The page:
One essential component in forecasting seismic hazards is observing the gradual accumulation of tectonic strain accumulation along faults before this strain is suddenly released as earthquakes. Typically, seismic hazard models are based on geologic estimates of slip rates along faults and historical records of seismic activity, neither of which records actively accumulating strain. But this strain can be estimated by geodesy: the precise measurement of tiny position changes of Earth’s surface, obtained from GPS, interferometric synthetic aperture radar (InSAR), or a variety of other instruments.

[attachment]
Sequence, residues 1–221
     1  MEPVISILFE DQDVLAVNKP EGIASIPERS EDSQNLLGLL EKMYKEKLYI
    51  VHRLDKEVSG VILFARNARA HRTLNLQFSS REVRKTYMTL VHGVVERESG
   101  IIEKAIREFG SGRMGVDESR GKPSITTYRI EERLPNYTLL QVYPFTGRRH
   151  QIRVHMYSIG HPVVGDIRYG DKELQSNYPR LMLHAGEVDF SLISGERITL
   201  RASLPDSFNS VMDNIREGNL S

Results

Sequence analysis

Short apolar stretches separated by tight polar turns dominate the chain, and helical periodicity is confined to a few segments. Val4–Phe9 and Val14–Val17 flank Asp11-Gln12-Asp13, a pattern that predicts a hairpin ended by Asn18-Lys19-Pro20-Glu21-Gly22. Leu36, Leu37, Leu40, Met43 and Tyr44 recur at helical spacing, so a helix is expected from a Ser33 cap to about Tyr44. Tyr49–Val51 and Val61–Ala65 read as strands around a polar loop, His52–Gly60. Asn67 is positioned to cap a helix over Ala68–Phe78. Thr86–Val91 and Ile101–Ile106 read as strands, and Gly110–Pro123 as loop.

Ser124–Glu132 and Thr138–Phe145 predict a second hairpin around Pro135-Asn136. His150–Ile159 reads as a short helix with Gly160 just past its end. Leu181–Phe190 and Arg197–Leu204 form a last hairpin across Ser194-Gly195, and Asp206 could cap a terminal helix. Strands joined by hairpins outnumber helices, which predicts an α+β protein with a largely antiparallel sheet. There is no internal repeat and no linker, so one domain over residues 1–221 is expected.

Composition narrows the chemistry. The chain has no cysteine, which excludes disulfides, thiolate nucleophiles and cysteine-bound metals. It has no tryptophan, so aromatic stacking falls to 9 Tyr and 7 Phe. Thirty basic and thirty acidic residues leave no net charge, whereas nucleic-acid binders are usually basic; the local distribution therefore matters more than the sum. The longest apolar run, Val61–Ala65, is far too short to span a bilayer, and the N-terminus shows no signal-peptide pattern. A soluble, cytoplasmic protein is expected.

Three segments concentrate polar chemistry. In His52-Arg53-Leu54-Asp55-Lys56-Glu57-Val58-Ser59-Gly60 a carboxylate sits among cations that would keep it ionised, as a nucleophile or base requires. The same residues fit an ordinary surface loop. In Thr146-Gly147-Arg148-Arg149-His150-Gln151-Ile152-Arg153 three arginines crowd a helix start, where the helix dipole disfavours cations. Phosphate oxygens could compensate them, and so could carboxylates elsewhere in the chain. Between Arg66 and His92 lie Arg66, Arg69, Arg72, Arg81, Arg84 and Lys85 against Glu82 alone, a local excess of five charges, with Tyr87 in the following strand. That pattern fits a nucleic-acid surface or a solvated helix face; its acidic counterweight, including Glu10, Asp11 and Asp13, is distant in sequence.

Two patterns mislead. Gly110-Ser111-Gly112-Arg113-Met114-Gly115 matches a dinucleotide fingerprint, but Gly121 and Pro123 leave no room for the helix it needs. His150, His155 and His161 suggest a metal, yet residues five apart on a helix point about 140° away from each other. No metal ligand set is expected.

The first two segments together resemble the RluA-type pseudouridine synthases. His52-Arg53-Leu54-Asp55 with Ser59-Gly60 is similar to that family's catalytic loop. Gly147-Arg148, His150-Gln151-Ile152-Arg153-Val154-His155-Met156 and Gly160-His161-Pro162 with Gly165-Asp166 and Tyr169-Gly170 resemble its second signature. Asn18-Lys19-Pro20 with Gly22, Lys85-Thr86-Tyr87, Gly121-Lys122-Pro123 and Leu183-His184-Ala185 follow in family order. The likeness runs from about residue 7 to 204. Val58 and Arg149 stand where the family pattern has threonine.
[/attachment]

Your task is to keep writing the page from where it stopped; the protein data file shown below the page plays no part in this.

Additional publication details
|Publication Subtype||Journal Article|
|Title||Using strain rates to forecast seismic hazards|
|Series title||Eos, Earth and Space Science News|
|Publisher||American Geophysical Union|
|Publisher location||Washington, D.C.|
|Contributing office(s)||Earthquake Science Center|